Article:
Gregg-Crites Octagon House
Ohio| Posted: 12/21/2005
The Roundtown Conservancy of Circleville, Ohio contacted the National Trust Loan Funds in need of emergency financing secure the future of a beloved local landmark, the Octagon House. Known as the Gregg-Crites home (1855), the building was threatened with demolition to allow construction of a big-box retail store. The house had already been moved from its original location and was sitting atop girders awaiting the final step. The National Preservation Loan Fund provided a $65,000 loan to help to defray the relocation and foundation construction costs and to finance the placement of the house on its new foundation.
The Gregg-Crites home was built by George Gregg between1855 and 1856. Though octagon houses were once quite common in Ohio and the Midwest, now only 34 are left standing in the state (about a dozen are barns) and the architectural style is considered quite rare nationwide. The Gregg-Crites example is particularly significant because of its connection to Circleville’s history. It is believed that it was built to mimic the octagonal courthouse that stood at the center of the town’s original, circular pattern. That structure was destroyed in the 1840s when the city blocks were reconfigured into squares. The Gregg-Crites house is also unique for its symmetrical purity. Its brick and frame construction features a free-standing spiral staircase and a cupola. The interior first-floor ceilings are 14-feet in height and all rooms have a fireplace in the inner wall with a doorway opposite leading to the outer veranda. Given its historical and architectural significance as well as the impending demolition threat, in 2004 the Ohio Preservation Alliance named it one of the state’s Most Endangered Properties.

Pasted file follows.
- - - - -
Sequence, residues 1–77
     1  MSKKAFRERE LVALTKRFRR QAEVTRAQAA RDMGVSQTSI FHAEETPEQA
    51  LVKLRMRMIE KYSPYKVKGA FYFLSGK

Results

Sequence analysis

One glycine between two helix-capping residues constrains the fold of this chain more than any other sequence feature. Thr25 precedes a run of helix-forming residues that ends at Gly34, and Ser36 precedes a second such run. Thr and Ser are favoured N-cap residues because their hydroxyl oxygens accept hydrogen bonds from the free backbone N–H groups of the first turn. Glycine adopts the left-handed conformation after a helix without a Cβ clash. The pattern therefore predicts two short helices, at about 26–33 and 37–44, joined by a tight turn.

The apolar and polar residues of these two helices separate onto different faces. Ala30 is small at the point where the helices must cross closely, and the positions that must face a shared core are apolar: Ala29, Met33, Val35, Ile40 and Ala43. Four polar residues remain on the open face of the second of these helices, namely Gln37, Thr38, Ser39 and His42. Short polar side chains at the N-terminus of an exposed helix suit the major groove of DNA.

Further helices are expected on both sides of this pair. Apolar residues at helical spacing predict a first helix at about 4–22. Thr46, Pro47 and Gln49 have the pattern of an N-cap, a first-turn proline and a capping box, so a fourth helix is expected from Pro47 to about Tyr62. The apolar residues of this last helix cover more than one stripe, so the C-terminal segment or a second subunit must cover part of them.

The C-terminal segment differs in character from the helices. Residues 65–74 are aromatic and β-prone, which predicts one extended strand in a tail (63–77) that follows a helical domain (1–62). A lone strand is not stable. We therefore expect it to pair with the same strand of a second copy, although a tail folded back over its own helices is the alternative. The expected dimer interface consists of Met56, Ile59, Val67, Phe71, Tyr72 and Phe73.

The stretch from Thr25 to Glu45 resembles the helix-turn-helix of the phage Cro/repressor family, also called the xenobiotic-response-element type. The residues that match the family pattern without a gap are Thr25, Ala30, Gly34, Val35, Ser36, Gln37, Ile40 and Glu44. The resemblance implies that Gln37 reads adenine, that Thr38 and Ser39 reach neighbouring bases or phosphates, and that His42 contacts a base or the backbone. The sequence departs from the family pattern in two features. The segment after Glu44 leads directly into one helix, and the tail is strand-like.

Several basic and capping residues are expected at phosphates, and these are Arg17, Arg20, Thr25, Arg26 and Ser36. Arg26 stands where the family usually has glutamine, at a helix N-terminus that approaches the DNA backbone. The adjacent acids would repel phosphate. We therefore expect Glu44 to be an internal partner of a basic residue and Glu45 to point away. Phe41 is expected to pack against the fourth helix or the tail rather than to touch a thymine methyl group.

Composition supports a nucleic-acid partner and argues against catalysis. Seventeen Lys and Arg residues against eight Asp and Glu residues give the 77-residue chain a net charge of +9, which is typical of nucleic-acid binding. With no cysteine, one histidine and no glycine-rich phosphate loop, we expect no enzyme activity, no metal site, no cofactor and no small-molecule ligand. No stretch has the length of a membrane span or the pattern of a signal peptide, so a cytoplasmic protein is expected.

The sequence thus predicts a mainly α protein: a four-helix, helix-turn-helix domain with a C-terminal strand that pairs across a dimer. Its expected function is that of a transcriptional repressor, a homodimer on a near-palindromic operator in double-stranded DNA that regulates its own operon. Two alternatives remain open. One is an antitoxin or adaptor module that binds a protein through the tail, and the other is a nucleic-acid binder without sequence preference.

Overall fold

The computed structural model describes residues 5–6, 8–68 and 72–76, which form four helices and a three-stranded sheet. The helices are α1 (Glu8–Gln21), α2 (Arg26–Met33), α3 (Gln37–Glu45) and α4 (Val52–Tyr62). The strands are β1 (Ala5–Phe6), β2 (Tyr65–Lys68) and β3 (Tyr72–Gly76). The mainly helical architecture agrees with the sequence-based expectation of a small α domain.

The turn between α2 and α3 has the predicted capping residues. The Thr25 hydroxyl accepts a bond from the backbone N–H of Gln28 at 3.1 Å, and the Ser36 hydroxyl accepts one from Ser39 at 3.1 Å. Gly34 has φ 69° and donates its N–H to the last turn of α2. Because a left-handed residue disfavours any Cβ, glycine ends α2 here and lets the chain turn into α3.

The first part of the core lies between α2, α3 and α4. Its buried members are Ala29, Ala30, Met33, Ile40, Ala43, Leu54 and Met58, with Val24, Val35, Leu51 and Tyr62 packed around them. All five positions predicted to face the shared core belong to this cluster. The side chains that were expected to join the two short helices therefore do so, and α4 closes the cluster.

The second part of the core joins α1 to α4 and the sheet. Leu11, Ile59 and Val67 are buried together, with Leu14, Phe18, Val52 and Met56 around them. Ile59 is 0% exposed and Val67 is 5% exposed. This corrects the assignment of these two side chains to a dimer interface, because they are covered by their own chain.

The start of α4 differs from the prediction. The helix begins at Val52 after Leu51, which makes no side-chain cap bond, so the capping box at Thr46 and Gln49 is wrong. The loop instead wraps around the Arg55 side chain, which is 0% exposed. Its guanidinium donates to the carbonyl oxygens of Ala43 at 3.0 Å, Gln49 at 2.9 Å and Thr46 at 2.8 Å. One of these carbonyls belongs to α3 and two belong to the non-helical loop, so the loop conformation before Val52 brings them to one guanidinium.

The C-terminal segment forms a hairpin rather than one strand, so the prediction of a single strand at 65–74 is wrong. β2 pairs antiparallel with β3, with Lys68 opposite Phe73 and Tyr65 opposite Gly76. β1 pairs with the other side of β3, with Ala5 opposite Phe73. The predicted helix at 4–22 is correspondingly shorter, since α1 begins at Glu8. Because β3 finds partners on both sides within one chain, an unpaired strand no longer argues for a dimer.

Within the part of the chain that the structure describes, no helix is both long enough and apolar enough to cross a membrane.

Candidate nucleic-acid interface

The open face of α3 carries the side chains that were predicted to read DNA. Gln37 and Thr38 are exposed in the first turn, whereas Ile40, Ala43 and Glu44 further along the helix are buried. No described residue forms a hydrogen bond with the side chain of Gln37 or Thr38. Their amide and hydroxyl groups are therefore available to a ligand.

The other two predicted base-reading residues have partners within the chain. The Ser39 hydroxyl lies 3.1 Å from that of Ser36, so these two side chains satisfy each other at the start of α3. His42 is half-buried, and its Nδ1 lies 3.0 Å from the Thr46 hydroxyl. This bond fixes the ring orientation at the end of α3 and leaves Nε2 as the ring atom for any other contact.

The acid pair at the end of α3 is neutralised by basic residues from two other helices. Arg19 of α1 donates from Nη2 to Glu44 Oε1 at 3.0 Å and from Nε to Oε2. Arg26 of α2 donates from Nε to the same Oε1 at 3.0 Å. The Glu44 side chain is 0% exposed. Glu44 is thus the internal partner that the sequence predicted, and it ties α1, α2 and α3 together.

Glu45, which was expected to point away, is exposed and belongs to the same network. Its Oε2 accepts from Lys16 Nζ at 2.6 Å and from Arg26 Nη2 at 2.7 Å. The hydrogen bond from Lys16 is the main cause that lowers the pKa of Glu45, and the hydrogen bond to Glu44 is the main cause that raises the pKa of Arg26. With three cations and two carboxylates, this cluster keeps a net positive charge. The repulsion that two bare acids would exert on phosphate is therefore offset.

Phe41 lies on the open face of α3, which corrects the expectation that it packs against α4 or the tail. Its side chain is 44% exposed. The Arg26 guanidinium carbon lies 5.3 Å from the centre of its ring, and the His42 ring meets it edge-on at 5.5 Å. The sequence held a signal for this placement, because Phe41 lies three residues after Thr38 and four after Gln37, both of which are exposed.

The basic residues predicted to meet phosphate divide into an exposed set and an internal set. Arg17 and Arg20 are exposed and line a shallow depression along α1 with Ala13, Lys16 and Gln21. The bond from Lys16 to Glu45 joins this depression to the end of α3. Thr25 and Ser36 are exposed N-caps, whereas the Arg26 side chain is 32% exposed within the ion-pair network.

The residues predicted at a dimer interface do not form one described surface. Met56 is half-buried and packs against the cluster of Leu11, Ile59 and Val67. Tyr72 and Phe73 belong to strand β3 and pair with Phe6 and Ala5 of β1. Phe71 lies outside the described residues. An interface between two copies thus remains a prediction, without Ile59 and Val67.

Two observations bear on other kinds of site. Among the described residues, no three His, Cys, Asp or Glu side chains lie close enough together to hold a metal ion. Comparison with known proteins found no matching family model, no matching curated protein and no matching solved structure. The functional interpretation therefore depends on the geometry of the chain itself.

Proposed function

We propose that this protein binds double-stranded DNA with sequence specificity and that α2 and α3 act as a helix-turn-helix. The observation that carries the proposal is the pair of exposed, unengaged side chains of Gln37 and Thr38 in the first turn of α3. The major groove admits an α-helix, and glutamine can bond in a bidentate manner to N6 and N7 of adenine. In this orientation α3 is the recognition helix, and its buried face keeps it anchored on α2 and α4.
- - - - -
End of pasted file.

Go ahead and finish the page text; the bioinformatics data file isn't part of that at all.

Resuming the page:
In an effort to save the Gregg-Crites House from demolition, the Roundtown Conservancy entered into discussions with the developer, the Don M. Casto Organization. As a result, the developer donated the house, two acres of land on which to move the house (part of the original parcel on which the house stood) and $5,000 to help cover the estimated $200,000 in moving costs. Requests to the retailer for financial support were unsuccessful. The Conservancy was able to raise more than $40,000 and obtain a $150,000 bank loan. Its closing is conditioned upon placing the house on its new foundation, however, which NTLF support makes possible. Now that the Conservancy has secured the house, next steps include identifying a new use for the property and the surrounding land. Possibilities being considered are a museum, welcome center, art gallery, or some combination of those uses.
For more information contact:
National Trust Loan Funds